Dead Bad Things
by Gary McMahonSome horror makes for uncomfortable reading because it provokes strong feelings of disgust. In Dead Bad Things Gary McMahon deals out great meaty buckets of it with this story of child molestation, murder and urban despair. It's the second Thomas Usher novel, but unlike the first it isn't entirely focused on that character.
It begins with a child killer, a man whose depravity seems bottomless. But he's guided by a creature that calls itself an angel, although its acts seem anything except angelic.
Years later PC Sarah Doherty is working in Leeds when she and her partner Benson come across a child murder bearing the hallmarks of torture and bizarre ritual. Sarah is particularly disturbed by this (and who wouldn't be?) because of her abusive father, who continues to haunt her even though he's dead. People around her remember him as a great copper, but she knows he had a darker side. She wants to find out just how much darker, even though a lot of people would rather such revelations remain hidden.
Meanwhile Thomas Usher has fled Leeds and is staying in one of the most haunted places in London. He is plagued by ghosts and nightmares as usual, and he's tempted to turn to alcohol to cushion his senses. He's contacted by telephone by a mechanical voice that may be a ghost, or something else entirely. The voice seems to be trying to tell him something in a roundabout way, with a series of vague clues and a trail that may lead nowhere.
Perhaps the most challenging aspect of Dead Bad Things is seeing things from the perspective of Trevor, a disgraced stage psychic. He's a twisted individual on the verge of giving in to his darkest impulses. The novel is full of manipulators and genuinely evil people like him, but what makes him interesting is the conflict between his intense self-loathing and desire. The central characters in this story all seem to have reasons to hate themselves.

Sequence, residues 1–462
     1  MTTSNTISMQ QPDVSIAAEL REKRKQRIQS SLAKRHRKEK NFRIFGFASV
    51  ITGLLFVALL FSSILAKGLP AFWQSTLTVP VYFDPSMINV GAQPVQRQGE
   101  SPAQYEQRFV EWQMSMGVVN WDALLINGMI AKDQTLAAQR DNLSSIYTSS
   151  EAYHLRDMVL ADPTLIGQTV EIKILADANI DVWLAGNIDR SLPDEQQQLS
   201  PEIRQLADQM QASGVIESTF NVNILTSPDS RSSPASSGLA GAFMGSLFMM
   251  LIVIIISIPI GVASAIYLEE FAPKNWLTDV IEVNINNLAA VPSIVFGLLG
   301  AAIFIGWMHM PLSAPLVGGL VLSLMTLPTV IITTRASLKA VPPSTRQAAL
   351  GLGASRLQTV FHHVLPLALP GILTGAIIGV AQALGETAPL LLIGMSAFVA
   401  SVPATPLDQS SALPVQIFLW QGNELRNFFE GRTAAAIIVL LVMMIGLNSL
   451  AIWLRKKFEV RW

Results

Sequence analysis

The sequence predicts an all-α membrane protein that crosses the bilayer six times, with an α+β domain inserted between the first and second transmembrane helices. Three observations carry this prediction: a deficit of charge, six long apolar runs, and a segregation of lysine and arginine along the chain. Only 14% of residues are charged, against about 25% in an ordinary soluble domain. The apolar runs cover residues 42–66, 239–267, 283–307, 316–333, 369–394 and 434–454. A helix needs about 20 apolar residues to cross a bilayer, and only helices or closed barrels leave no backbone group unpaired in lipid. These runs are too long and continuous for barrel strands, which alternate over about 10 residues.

The heavy subject matter contributes to an oppressive atmosphere. Gary McMahon depicts the grimness of Leeds, the black in people's hearts and the taint of evil with powerful, blade-sharp descriptions that positively glisten with gruesome.
Sometimes using the supernatural as a metaphor for the darkness within people can soften it, because it tends to suggest that in real life humans aren't capable of such horrors unaided. As though it takes the intervention of demons, ghosts and bad angels to move people to acts of unspeakable evil. But this book is disturbing on several levels, from the shock of artfully horrific blood and guts to its brave and unusual viewpoints of a number of sick, odious characters. The supernatural elements add a weird, alien colour to the story, but in no way do they detract from its horror.
As the second book in a series Dead Bad Things is very closely tied up in the events of the first book. I thought it could use a little more recap: I found myself wanting to re-read Pretty Little Dead Things in order to understand this novel better. However that's a minor point in the context of a story I found intriguing. It's strong stuff, vivid and distinctive and sometimes gross, but always compelling.
14th August 2011
Review © Ros Jackson